Given the immediate two-storey context of the site, the proposed three storey plus mansard extension would be overbearing to the surrounding and adjacent modest two-storey terraced buildings.
The mansard roof exacerbates the impact given its height is almost identical to the storeys below. This side of Dartmouth Road is very clearly more traditional than the other side, and whilst there are instances of contemporary forms or mansards beyond Dartmouth Road, such as in the more recent developments towards the railway, the built form along Dartmouth Road has retained traditional hipped or pitched roofs. There are no mansards on any buildings on this side of the road fronting Dartmouth Road. The acceptance of a mansard roof in place of an original roof form would establish a dangerous precedent within this part of the Forest Hill Conservation Area as well as result in the loss of an original hipped roof form and chimney.
The proposed inset balconies to the front elevation would be out of character with Dartmouth Road, which does not have analogous examples. Moreover, the form and scale of the proposed balconies does not tie in well with the modest scale and character of the existing building. The openings facing Bird in Hand Passage would detract from the traditionally-scaled windows across the building as well as look odd at the mansard level where the opening is more trapezoidal in shape. Given the overriding character of this side of Dartmouth Road and the host building, any new balconies should be positioned to the rear.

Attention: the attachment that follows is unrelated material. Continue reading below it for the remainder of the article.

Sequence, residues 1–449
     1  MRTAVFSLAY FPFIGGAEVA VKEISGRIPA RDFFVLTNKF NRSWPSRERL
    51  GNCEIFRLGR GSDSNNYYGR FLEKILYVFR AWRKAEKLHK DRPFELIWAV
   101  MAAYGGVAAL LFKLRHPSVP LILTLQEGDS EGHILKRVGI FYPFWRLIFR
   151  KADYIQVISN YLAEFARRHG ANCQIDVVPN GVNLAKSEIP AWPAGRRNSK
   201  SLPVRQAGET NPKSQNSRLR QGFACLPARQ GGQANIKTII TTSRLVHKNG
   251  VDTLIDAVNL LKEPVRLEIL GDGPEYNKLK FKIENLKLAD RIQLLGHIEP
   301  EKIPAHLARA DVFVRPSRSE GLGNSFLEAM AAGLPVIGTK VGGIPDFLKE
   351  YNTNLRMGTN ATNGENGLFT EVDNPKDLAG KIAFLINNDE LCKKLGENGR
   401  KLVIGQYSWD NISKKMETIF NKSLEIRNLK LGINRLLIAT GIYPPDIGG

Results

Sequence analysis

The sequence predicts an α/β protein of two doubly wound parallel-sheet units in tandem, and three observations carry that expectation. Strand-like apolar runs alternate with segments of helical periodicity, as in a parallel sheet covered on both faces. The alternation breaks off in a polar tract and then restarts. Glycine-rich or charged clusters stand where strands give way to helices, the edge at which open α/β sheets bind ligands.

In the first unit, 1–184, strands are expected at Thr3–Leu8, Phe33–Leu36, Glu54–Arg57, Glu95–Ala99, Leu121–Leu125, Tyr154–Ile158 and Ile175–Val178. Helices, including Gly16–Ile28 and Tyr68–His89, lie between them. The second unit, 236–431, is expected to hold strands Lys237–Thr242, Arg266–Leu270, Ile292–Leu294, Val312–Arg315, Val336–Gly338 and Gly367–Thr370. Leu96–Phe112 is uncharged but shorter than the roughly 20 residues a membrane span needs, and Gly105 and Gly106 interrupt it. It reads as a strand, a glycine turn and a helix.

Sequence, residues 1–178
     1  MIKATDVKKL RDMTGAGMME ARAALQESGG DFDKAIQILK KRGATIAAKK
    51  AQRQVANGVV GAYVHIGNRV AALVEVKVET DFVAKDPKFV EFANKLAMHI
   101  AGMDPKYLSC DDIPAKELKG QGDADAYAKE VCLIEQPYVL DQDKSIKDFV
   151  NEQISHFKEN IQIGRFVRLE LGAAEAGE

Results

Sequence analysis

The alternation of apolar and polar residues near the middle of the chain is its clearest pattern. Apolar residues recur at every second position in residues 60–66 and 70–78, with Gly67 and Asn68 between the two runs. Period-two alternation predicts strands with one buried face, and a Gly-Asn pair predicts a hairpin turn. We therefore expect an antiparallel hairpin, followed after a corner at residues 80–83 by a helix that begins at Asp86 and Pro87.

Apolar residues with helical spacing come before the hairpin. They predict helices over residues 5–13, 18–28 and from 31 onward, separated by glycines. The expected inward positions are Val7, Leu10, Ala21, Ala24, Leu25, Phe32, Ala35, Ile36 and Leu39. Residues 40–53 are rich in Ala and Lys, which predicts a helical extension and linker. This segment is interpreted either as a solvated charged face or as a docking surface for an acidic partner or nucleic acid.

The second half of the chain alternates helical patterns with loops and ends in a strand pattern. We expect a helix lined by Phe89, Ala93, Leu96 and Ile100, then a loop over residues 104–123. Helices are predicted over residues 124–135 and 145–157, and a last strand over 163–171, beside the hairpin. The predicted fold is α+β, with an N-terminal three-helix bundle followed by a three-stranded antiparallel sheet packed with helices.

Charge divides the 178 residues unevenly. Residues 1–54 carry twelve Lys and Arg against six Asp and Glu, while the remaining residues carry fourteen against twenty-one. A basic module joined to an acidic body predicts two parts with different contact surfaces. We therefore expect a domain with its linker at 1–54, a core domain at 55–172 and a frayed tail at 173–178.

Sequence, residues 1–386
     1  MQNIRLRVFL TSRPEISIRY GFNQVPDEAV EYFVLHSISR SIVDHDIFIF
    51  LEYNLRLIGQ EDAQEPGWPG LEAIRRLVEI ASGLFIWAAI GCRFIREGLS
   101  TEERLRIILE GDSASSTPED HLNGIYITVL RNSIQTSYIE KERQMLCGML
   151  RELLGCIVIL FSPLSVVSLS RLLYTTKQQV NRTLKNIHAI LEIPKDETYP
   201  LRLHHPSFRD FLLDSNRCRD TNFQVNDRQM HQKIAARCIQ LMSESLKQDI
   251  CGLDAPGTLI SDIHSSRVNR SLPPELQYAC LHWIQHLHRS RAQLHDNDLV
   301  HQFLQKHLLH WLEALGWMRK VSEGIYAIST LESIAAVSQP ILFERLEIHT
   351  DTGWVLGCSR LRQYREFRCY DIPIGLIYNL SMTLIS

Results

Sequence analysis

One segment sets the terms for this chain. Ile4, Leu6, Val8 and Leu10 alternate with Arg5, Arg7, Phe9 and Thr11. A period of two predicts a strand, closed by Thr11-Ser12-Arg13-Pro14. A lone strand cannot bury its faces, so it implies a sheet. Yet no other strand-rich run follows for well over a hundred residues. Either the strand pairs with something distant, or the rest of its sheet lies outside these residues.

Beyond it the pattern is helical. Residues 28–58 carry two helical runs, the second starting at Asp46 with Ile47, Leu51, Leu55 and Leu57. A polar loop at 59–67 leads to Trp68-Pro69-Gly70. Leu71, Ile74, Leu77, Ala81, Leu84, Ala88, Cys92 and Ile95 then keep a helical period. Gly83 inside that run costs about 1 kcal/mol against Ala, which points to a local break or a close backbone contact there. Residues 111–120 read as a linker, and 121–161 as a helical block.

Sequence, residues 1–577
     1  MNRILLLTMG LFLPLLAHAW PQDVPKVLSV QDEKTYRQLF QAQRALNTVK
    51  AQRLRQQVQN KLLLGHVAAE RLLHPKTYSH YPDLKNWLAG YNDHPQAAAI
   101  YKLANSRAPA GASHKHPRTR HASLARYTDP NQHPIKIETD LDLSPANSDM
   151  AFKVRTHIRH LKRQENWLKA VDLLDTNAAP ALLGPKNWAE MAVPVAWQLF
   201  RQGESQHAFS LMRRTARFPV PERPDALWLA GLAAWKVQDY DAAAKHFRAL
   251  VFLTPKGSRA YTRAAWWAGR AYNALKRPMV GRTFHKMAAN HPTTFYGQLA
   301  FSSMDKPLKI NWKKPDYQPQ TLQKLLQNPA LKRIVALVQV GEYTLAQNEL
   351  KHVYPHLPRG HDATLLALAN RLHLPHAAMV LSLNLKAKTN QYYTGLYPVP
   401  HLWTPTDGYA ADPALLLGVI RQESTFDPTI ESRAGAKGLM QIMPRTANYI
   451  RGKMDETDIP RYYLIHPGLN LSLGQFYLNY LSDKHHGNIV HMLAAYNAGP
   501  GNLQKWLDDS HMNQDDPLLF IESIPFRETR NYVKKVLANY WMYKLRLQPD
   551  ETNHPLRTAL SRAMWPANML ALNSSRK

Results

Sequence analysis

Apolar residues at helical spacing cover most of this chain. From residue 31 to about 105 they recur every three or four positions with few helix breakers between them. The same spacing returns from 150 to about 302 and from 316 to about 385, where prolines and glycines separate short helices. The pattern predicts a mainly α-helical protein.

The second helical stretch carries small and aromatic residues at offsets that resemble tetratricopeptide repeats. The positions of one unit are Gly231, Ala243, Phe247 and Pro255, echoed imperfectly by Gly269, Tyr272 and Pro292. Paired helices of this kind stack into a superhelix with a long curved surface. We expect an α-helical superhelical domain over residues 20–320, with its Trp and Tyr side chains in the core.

Extension Towards Bird in Hand Passage
Historic mapping shows that between 1916 and 1952, a historic smithy was demolished to make the building line consistent along the northern side of Bird in Hand Passage. Whilst the terraced housing at the end of the street was demolished for the Phoenix Works development, this building line was maintained in the new development. The extension of the site towards Bird in Hand Passage would reduce the ability to appreciate the historic building line as well as the changing townscape as one moves towards closer to the railway. Whilst the submitted Daylight/Sunlight Report has raised no issues with such impacts on the neighbouring properties, the drastic increase in height on a historically open space would have an overbearing effect on the streetscene.